After a battle in the courts, Texas Attorney General Ken Paxton has defeated the review website Yelp’s countersuit as he attempts to stop them from deceiving users about pregnancy resource centers.
In September, Paxton announced he would be suing Yelp, alleging that the company added “inaccurate and misleading language” to listings of crisis pregnancy centers. The lawsuit also accused the company of violating Texas’ Deceptive Trade Practices Act.
Yelp countersued and sought a preliminary injunction to block Paxton from further penalizing the company.
During the hearing in the United States District Court of the Northern District of California, Yelp argued that Paxton acted in bad faith when bringing the lawsuit. Yelp also argued that this was an apparent attempt “to score points with his base of voters” since Paxton’s impeachment.
District Judge Trina Thompson stated in her order that while the court “is not convinced that Paxton acted entirely in good faith in bringing this case against Yelp; still, Yelp has not provided enough concrete evidence of his subjective motivations to prove otherwise.”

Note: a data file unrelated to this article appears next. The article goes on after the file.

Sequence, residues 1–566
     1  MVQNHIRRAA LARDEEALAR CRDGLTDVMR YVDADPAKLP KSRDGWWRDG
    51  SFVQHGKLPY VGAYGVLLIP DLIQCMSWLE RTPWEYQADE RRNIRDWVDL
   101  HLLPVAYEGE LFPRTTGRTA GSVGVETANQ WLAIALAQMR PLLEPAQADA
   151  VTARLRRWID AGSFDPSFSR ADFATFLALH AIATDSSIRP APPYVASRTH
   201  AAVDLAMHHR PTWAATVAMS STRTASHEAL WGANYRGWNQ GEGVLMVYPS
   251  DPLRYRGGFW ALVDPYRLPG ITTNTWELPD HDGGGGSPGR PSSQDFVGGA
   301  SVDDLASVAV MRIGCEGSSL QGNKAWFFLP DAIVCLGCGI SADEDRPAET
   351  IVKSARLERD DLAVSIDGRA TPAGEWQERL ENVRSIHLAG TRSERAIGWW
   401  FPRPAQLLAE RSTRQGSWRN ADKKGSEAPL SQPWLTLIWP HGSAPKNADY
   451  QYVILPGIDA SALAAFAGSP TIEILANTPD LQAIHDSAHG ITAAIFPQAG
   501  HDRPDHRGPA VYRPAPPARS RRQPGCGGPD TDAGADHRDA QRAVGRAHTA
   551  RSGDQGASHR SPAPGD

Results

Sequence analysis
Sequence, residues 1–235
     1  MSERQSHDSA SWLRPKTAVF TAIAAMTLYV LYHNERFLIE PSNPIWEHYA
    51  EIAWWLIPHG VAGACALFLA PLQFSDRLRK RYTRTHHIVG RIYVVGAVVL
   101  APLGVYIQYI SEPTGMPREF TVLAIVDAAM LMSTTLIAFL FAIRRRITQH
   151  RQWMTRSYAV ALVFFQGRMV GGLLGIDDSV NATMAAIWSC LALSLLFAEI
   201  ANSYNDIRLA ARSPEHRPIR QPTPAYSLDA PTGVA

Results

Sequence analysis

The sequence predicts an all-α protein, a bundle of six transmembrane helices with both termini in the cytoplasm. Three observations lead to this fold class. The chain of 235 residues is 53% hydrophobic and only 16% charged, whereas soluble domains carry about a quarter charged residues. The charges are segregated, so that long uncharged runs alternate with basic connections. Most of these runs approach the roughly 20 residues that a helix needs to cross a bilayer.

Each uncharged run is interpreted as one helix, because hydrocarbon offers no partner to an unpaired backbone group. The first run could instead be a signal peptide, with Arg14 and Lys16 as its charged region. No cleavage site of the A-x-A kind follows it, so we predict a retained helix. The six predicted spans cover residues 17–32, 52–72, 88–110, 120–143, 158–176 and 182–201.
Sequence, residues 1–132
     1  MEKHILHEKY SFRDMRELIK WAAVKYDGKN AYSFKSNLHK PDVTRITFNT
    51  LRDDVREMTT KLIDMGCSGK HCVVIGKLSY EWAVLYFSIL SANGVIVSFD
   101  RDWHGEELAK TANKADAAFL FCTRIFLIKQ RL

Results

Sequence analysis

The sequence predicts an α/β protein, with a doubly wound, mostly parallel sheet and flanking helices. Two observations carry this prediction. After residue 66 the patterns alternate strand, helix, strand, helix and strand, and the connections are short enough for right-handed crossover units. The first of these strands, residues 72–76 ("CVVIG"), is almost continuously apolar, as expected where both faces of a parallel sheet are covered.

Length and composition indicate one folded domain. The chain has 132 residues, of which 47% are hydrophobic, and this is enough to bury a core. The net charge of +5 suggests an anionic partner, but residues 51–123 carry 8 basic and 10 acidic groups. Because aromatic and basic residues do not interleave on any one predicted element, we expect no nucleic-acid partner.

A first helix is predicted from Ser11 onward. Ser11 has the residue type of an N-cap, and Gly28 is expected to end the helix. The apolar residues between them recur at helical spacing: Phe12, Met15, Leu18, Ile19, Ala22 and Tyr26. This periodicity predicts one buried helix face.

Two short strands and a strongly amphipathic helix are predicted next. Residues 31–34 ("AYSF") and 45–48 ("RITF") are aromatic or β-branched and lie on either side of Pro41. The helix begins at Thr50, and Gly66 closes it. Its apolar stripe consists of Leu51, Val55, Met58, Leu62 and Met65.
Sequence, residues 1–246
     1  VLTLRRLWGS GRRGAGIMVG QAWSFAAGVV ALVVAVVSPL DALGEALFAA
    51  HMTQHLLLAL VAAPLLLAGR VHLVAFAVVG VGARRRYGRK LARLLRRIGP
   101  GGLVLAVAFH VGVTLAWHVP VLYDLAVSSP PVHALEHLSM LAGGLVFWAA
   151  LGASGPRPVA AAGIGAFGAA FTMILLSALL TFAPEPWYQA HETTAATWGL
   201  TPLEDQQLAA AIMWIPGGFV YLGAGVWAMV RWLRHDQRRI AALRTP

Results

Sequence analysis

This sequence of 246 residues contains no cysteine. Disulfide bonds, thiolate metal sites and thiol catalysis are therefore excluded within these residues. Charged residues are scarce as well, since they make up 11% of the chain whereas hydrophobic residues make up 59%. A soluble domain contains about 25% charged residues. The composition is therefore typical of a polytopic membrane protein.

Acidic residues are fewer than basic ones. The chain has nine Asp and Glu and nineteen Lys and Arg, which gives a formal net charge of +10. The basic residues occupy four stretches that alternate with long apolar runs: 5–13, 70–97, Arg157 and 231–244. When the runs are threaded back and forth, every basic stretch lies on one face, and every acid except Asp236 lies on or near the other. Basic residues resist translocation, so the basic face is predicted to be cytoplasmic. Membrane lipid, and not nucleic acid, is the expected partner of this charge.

Thompson denied Yelp’s motion for a preliminary injunction against Paxton and “reluctantly” dismissed the case on procedural grounds.
“Yelp cannot mislead and deceive the public simply because the company disagrees with our state’s laws,” said Paxton following the motion to dismiss. “I’m pleased that the court agreed with Texas that Yelp’s federal lawsuit was a frivolous attempt to avoid enforcement for misleading consumers.”
As of publication, Yelp has not responded to a request for comment from Texas Scorecard. However, Yelp told Reuters that they “will continue to press forward to vigorously defend our constitutionally protected free speech rights to provide consumers with access to accurate information.”
The lawsuit Paxton brought against Yelp will continue.